The Benefits Of Tap Dance
- Nina Raggio, Tap Instructor
THE BENEFITS OF TAP DANCE by Nina Raggio, Tap Instructor
Most adult students who come to my classes are here because as a child they always wanted to take tap and either mom or dad wouldn’t let them or they took tap for a few years, loved it, but there wasn’t enough time in the day to fit it in. And now with an emphasis on healthy activity and with more time in people’s schedules they’re eager to take that tap class that they were denied as a child or pick up where they left off.
I’ve taught tap for 22 years after a successful career in dance. I studied all styles of dance including ballet, jazz and musical theatre. After leaving a performing career behind I feel so fortunate to have found my second career as a tap instructor. It is the one style of dance that most people can do until the age of 80 or beyond. Over the years I’ve seen what the benefits of taking tap can do for my students and me.
Coordination and balance:
One of the more necessary aspects of tap is learning to change weight from foot to foot as you move through the choreography. This requires an entirely new way to coordinate foot/body movement and balance. However, I modify the choreography to accommodate anyone who has limited range of movement due to hip and knee surgery for instance. As we get older it’s more important than ever to improve our balance as we maneuver our way over uneven sidewalks and obstacles.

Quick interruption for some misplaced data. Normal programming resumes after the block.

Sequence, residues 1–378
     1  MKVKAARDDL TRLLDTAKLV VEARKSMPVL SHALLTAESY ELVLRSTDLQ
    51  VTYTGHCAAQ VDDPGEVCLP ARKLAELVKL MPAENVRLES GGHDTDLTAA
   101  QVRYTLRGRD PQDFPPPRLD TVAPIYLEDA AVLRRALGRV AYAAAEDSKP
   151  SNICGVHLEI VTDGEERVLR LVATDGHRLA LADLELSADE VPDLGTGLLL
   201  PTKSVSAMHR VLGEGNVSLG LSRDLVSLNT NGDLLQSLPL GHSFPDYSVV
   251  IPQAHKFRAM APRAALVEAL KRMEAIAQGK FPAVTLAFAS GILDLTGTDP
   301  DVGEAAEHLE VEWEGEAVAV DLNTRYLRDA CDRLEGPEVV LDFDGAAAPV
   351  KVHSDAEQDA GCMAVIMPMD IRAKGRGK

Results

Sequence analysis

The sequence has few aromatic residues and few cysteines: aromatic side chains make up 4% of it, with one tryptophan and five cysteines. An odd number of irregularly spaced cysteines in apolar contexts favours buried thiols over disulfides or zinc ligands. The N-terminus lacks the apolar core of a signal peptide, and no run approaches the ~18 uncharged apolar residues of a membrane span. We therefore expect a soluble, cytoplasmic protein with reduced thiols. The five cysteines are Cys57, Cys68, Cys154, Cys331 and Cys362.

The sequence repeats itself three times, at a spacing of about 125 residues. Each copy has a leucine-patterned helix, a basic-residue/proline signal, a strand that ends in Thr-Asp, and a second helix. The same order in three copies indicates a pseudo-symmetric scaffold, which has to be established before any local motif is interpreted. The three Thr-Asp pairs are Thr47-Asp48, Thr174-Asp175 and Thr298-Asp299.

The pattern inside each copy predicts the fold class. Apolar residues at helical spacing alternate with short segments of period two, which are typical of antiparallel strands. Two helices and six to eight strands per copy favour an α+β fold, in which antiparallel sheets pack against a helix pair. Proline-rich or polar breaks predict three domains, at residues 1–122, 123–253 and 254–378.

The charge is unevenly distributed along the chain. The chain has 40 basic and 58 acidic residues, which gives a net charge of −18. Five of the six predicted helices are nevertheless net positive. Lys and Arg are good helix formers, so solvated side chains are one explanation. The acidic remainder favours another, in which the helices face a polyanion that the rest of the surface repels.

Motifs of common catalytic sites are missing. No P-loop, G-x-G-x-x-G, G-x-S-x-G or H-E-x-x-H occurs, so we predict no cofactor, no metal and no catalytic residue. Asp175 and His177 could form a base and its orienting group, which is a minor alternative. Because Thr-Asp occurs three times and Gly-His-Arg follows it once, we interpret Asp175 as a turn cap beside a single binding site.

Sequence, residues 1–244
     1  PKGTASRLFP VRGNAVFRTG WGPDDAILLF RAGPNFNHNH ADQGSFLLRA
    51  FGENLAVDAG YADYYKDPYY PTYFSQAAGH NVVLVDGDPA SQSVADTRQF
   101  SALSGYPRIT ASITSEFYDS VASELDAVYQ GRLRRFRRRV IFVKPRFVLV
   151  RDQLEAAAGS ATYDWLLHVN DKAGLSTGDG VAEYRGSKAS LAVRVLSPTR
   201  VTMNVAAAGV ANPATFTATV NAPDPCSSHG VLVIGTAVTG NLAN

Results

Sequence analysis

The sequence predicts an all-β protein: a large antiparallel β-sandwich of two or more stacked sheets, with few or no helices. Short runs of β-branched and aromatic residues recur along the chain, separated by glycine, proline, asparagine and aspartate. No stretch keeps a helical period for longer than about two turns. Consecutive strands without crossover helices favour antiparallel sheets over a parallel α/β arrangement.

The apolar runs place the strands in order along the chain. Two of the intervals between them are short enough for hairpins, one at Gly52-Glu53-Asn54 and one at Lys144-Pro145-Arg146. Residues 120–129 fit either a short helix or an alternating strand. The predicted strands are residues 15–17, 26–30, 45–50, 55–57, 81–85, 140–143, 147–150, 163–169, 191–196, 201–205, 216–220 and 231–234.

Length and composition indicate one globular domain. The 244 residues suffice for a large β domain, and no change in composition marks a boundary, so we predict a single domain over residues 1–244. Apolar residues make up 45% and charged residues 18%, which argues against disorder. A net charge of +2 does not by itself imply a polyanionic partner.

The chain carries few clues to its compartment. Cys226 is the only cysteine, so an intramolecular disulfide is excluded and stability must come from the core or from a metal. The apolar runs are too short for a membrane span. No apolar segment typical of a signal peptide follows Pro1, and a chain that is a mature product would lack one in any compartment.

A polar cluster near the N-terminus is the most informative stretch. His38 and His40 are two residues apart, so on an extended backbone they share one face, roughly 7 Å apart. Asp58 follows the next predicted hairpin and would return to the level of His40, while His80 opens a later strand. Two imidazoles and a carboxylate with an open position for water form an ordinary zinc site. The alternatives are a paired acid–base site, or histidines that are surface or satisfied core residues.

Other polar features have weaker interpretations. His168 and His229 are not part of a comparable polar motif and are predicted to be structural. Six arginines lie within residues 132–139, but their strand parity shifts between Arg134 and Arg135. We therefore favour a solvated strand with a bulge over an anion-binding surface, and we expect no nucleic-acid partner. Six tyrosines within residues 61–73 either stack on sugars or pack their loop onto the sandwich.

We’ve all become aware of how important it is to keep our memories sharp and active to stave off the possible effects of aging and certain diseases such as Alzheimer’s. There can be no better exercise for the brain than to remember and execute a series of steps learned over several weeks and months.
If aerobics is not for you but you want the benefits, just get out on the dance floor for an hour tap class and you’ll have your heart beating, blood flowing and all the parts of your body moving to the beat. My classes consist of a low impact stretch at the beginning, tap steps traveling across the floor, a dance routine and possibly some improvisation.
Equally important to our well-being is social interaction with one another in a friendly, positive environment. Tap is one of the more social forms of dance often requiring dancers to relate to one another during a routine, dance with a partner or generally encourage or help one another while learning new material. There’s often a lot of chatter and laughter coming from a room full of tap dancers – the best medicine in the world!